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California Economic Policy, Report

The Workers’ Compensation Crisis in California: A Primer

By David Neumark

This issue of California Economic Policy examines why California’s workers’ compensation costs have soared over the past four years, far exceeding premium increases in the rest of the country. It finds that the two most important contributors to the cost run-ups are rising medical costs and increasing numbers of major permanent partial disability cases. Recent legislative reforms may help resolve the situation, but more research and evaluation is needed.

California Counts, Report

Women, Work, and Family in California

By Deborah Reed

Explores trends in the work participation, earnings, and occupations of California women. Finds that while less than half of California's working-age women were in the labor market in the late 1960s, over 70 percent are working today. Their annual incomes are about 75 percent higher than in the late 1960s because they are working more hours, earning more per hour, and entering higher-paying occupations. The salaries of married women have been the main source of growth in family income over the past 20 years.

Occasional Paper, Report

Services Offshoring: Background and Implications for California

By Jon D. Haveman, Howard J. Shatz

This paper provides background information for policy consideration of the offshoring of services. The authors describe the concept of offshoring, explain its appeal, and put the phenomenon in both its historical and current context. The paper explains how technology and business services offshoring fits into the growing globalization of the U.S. and world economies. It concludes by discussing some policy implications and describing how much more data and analysis are required for the development of effective policy.


The Emerging Integration of the California-Mexico Economies

By Howard J. Shatz, Luis Felipe López-Calva

This volume examines the many ways in which California and Mexico are integrating, focusing in particular on trade and foreign direct investment.

Trade links between Mexico and California are deep, in the sense that the total value of traded goods is high, and broad, in the sense that many different types of goods are traded. California exports to Mexico are more diverse across product classes than California exports to the rest of the world. In addition, they embody less skill than do California exports to the rest of the world, implying that trade with Mexico has provided greater opportunity to production workers than has trade with the rest of the world. Between 2000 and 2002, more than 200,000 California workers each year produced exports to Mexico — 17 percent of all export-related jobs in the state.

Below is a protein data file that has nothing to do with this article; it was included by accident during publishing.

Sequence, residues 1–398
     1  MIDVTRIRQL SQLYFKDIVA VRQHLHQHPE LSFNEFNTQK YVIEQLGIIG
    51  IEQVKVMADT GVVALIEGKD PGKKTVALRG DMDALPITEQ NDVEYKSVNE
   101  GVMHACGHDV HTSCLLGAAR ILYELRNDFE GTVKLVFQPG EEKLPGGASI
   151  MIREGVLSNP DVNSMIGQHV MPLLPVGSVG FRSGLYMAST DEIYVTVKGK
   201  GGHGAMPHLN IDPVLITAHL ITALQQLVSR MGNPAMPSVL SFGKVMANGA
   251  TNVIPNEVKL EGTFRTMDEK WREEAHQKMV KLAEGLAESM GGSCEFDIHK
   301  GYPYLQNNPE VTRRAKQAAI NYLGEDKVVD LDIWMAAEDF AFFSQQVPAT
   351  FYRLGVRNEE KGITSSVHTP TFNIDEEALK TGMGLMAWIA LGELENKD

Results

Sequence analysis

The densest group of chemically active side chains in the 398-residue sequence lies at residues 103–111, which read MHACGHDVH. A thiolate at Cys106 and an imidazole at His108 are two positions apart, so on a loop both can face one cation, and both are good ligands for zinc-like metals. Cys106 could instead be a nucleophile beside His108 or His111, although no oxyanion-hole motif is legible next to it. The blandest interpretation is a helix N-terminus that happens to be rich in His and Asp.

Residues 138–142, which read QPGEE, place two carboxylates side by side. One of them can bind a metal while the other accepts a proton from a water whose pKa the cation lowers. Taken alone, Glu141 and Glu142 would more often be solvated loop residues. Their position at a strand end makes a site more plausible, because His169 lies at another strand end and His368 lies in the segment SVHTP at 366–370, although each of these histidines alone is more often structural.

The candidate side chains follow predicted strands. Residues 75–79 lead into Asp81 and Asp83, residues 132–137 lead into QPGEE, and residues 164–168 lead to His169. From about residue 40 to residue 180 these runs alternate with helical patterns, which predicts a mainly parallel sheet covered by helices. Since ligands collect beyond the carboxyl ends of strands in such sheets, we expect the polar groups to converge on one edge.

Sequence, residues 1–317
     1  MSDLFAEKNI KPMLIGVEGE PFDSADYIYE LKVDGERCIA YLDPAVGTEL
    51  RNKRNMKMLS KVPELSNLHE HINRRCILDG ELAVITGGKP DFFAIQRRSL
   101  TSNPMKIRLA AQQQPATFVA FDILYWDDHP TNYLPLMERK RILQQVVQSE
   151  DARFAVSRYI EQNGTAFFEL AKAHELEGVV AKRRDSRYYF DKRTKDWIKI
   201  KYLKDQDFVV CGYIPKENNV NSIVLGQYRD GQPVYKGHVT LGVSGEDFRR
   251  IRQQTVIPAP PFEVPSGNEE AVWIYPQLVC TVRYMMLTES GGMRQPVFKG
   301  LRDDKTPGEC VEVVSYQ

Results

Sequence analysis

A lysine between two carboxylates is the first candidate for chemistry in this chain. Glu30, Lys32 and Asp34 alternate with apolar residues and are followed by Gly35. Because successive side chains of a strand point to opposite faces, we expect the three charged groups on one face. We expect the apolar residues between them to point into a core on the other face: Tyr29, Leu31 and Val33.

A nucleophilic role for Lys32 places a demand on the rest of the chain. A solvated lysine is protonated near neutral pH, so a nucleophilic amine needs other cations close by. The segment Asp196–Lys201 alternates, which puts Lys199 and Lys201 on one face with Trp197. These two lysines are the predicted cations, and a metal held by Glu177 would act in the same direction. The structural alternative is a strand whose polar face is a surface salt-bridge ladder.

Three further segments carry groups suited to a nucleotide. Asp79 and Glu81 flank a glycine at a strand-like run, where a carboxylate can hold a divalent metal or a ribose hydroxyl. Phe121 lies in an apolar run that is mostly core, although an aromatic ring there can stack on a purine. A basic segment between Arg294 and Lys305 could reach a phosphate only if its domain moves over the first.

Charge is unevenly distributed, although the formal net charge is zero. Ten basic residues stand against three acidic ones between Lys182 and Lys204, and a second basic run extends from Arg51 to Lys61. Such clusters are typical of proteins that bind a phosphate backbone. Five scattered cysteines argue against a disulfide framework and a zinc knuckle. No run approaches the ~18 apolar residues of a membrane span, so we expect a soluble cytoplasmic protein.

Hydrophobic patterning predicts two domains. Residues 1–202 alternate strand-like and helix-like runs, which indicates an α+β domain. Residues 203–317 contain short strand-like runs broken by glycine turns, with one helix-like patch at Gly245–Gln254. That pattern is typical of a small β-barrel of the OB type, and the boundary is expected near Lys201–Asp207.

Foreign direct investment (FDI) between California and Mexico — that is, cross-border investment used to establish or control a business — has also increased dramatically in recent years. Many Mexican-owned subsidiaries in California are in wholesale and retail trade, whereas 55 percent of California-owned subsidiaries in Mexico are in the manufacturing sector.

In addition to their analysis, the authors suggest a number of policy options that might further the economic integration of Mexico and California. They also note that whatever policies the state chooses, devoting more attention to the border area is a worthwhile starting point because the infrastructure of this region is so strongly affected by — and so strongly affects — the economic interaction of California and Mexico.


California’s Global Gateways: Trends and Issues

By Jon D. Haveman, David Hummels

The capacity and efficiency of seaports and airports have become critical factors in global trade. Such trade is especially important to California, whose ports are among the busiest in the nation. In California’s Global Gateways: Trends and Issues, Jon D. Haveman and David Hummels examine several aspects of the state’s trade traffic and infrastructure. Focusing on trends and forecasts in international shipping, the regional effects of serving as a global distribution center, the 2002 West Coast port closure, and policy responses to terrorist attacks, the report points to a complex policy question: Should California seek to increase shipments through its ports and cities or adopt policies that, in effect, encourage international cargo to go elsewhere? The answer to this question, the authors note, will shape California’s physical and economic landscape for decades to come.

Occasional Paper, Report

The Economic Effects of Mandated Wage Floors

By David Neumark

Presentation at forum: "Living Wage: What Business Groups Need to Know," U.S. Chamber of Commerce, Washington, D.C., February 20, 2004

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